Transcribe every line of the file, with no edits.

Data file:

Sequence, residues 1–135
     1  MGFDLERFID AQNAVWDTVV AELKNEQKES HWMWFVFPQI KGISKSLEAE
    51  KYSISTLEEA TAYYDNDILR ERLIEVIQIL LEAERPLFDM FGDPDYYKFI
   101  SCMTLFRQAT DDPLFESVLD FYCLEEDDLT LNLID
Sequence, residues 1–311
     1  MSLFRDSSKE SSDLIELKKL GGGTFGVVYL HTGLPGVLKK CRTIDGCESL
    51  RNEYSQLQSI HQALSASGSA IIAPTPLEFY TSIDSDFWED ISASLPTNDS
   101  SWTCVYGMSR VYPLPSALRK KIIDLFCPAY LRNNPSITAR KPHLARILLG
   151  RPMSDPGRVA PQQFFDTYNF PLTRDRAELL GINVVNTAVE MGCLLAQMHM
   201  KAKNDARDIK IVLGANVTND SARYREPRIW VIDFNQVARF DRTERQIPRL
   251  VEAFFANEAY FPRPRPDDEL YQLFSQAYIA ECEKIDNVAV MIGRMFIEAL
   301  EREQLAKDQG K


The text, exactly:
Sequence, residues 1–135
     1  MGFDLERFID AQNAVWDTVV AELKNEQKES HWMWFVFPQI KGISKSLEAE
    51  KYSISTLEEA TAYYDNDILR ERLIEVIQIL LEAERPLFDM FGDPDYYKFI
   101  SCMTLFRQAT DDPLFESVLD FYCLEEDDLT LNLID
Sequence, residues 1–311
     1  MSLFRDSSKE SSDLIELKKL GGGTFGVVYL HTGLPGVLKK CRTIDGCESL
    51  RNEYSQLQSI HQALSASGSA IIAPTPLEFY TSIDSDFWED ISASLPTNDS
   101  SWTCVYGMSR VYPLPSALRK KIIDLFCPAY LRNNPSITAR KPHLARILLG
   151  RPMSDPGRVA PQQFFDTYNF PLTRDRAELL GINVVNTAVE MGCLLAQMHM
   201  KAKNDARDIK IVLGANVTND SARYREPRIW VIDFNQVARF DRTERQIPRL
   251  VEAFFANEAY FPRPRPDDEL YQLFSQAYIA ECEKIDNVAV MIGRMFIEAL
   301  EREQLAKDQG K